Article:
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I want to define a macro which can comment a s-expression, for example:

I hope that

(list 1 2 (comment-macro (something))) -> (1 2)

But if I define the macro like this

(defmacro comment-macro (x))

the result of the above form is actually

(1 2 nil)
share|improve this question
    
    
@AdamBurry That question is more about editor support for multiline comments, although the answer about the #=(and) and #+(or) are relevant (and sds's answer includes them). – Joshua Taylor Sep 10 '13 at 15:56
up vote 8 down vote accepted

You cannot accomplish what you want with a regular macro because its primary value (or nil if no values are returned) will always be used.

However, there are two common options:

  1. comment: #| ... |# - for general text

  2. feature expressions: #+(or) ... or #-(and) ... - for (temporarily?) disabling code

You can also define your own read macros using set-macro-character and set-dispatch-macro-character.

share|improve this answer
    
#|...|# actually are reader macros, too, and they're also the better option, because the conditional reader macros are meant to be used with features. – Rörd Sep 10 '13 at 15:35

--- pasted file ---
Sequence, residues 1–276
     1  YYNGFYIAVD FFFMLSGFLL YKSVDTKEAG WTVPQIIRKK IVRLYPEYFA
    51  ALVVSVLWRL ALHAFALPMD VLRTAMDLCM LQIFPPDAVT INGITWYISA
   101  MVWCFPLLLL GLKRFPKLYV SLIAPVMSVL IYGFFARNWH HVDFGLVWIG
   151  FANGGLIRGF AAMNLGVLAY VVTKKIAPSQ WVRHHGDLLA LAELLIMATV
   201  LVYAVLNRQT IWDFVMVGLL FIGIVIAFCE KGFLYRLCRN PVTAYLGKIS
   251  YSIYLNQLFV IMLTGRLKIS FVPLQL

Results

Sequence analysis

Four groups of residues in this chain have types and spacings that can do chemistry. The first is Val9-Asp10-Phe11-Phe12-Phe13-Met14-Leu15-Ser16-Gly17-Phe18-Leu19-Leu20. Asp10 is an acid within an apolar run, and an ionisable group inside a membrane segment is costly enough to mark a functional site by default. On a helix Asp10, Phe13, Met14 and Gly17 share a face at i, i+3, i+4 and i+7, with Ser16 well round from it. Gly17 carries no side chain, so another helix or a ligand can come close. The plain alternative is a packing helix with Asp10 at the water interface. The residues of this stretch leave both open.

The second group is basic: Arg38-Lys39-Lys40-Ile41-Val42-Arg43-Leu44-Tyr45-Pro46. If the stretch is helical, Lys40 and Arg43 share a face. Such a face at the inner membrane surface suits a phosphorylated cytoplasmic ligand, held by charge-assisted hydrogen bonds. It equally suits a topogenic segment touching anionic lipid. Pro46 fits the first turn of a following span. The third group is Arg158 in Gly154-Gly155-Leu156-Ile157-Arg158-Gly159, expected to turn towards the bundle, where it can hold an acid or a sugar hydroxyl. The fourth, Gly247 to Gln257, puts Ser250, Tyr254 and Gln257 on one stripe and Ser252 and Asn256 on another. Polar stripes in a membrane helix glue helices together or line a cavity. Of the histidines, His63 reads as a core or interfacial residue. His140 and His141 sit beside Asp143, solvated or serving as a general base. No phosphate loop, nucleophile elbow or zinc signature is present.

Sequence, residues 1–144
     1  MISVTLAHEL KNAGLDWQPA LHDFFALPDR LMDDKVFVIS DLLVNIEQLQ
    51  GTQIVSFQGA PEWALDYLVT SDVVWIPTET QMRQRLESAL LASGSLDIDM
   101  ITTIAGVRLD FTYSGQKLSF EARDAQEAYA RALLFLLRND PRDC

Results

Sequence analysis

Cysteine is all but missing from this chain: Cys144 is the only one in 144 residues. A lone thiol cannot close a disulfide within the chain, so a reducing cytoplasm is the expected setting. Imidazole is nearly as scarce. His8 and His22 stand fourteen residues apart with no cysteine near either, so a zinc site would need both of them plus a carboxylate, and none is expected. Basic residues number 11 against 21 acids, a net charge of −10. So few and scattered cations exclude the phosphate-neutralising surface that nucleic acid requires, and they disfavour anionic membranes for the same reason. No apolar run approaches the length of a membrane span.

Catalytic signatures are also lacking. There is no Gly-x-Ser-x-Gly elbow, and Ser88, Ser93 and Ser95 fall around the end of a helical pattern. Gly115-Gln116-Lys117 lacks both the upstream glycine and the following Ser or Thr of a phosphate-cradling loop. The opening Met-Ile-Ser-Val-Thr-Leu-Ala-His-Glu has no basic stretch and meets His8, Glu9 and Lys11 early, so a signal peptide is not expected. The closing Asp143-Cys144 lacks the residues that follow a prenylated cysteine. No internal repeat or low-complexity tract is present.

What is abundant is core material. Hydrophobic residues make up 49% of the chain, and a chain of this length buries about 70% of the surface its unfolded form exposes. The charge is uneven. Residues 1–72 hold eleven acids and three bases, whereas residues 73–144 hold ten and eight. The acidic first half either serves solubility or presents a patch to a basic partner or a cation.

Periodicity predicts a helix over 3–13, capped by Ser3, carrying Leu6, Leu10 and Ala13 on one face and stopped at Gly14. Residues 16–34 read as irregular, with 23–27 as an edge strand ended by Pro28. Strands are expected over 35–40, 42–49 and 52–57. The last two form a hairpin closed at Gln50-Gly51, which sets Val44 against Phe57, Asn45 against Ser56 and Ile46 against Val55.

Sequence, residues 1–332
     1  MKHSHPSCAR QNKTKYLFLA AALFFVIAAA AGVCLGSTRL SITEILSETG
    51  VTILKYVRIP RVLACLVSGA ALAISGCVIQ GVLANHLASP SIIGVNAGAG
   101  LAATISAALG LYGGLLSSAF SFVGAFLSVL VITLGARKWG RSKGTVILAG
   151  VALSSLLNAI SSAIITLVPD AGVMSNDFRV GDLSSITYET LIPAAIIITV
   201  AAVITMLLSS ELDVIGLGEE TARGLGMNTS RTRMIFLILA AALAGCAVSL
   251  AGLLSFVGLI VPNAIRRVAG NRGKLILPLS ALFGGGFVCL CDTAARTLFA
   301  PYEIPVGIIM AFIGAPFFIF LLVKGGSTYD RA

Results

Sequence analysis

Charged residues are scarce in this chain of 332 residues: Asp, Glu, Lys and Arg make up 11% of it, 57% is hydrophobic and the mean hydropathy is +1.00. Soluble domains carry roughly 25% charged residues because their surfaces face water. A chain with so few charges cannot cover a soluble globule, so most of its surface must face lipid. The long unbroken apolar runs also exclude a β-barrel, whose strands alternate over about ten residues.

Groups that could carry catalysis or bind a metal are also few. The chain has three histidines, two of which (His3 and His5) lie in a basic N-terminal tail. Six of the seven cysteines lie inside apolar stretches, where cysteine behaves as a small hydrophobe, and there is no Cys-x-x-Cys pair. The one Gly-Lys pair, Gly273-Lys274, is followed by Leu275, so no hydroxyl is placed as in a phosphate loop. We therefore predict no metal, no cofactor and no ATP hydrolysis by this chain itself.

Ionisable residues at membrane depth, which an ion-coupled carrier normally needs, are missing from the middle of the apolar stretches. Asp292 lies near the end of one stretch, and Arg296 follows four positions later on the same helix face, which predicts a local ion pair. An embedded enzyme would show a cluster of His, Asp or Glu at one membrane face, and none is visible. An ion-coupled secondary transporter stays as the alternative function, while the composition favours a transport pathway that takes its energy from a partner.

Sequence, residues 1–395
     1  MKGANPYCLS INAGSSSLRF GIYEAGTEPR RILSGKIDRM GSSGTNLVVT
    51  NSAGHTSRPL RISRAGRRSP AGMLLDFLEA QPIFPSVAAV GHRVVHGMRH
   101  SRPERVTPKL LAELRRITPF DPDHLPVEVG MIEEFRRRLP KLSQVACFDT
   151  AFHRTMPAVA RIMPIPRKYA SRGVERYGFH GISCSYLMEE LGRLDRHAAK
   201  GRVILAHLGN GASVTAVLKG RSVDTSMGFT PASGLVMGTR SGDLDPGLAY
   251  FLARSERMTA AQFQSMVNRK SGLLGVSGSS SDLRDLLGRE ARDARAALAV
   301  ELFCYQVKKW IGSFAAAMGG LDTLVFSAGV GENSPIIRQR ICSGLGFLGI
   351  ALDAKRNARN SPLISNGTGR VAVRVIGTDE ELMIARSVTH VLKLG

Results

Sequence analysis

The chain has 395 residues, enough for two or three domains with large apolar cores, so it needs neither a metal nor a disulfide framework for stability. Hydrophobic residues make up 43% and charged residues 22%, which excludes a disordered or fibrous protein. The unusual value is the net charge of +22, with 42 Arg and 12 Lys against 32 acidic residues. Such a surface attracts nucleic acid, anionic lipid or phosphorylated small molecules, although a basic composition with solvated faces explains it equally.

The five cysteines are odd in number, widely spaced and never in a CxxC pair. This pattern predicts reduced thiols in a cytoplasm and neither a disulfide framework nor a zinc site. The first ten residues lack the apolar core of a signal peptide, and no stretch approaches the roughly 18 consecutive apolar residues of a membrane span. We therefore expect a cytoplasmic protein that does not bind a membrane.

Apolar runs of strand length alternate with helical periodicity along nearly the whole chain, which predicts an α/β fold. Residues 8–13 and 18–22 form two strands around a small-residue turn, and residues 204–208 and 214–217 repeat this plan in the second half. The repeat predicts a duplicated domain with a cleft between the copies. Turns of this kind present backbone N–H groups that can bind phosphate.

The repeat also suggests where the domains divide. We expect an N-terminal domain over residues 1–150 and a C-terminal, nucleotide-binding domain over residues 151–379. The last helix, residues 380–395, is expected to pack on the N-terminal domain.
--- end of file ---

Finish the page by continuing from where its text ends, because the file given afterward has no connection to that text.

I really truly want a read macro. I think it's convenient if I can quickly switch on/off a s-expression. But I just don't know how to expand them to nothing. – SaltyEgg Sep 10 '13 at 15:41
    
read macro or regular macro? read macro is expanded by the reader and regular macro by the compiler/interpreter – sds Sep 10 '13 at 15:41
    
I prefer a read macro :) – SaltyEgg Sep 10 '13 at 15:46
3  
@SaltyEgg You might have a look at On Lisp Chapter 17. Read Macros. Also, see 2.1.4.4 Macro Characters in the HyperSpec which says that "The function either returns the parsed object, or else it returns no values to indicate that the characters scanned by the function are being ignored (e.g., in the case of a comment)." If you want to indicate a comment, return zero values with (values)‌​. – Joshua Taylor Sep 10 '13 at 15:58

In Common Lisp, there is no way to define a macro which expands to nothing. The primary value returned from the macro (i.e. the macro function) is always inserted in place of the macro call.

share|improve this answer
2  
This is technically correct, but the @SaltyEgg clarified in other comments that a read macro is desired, and those can be like comments (e.g., the #| ... |# macros). – Joshua Taylor Sep 10 '13 at 15:57
1  
Right; my answer applies to the the question as originally stated. – Lars Brinkhoff Sep 10 '13 at 16:08
1  
Agreed. I was just highlighting the difference for any readers who come across the later, especially in the case that the question gets edited to better match the OP's desires. – Joshua Taylor Sep 10 '13 at 16:10

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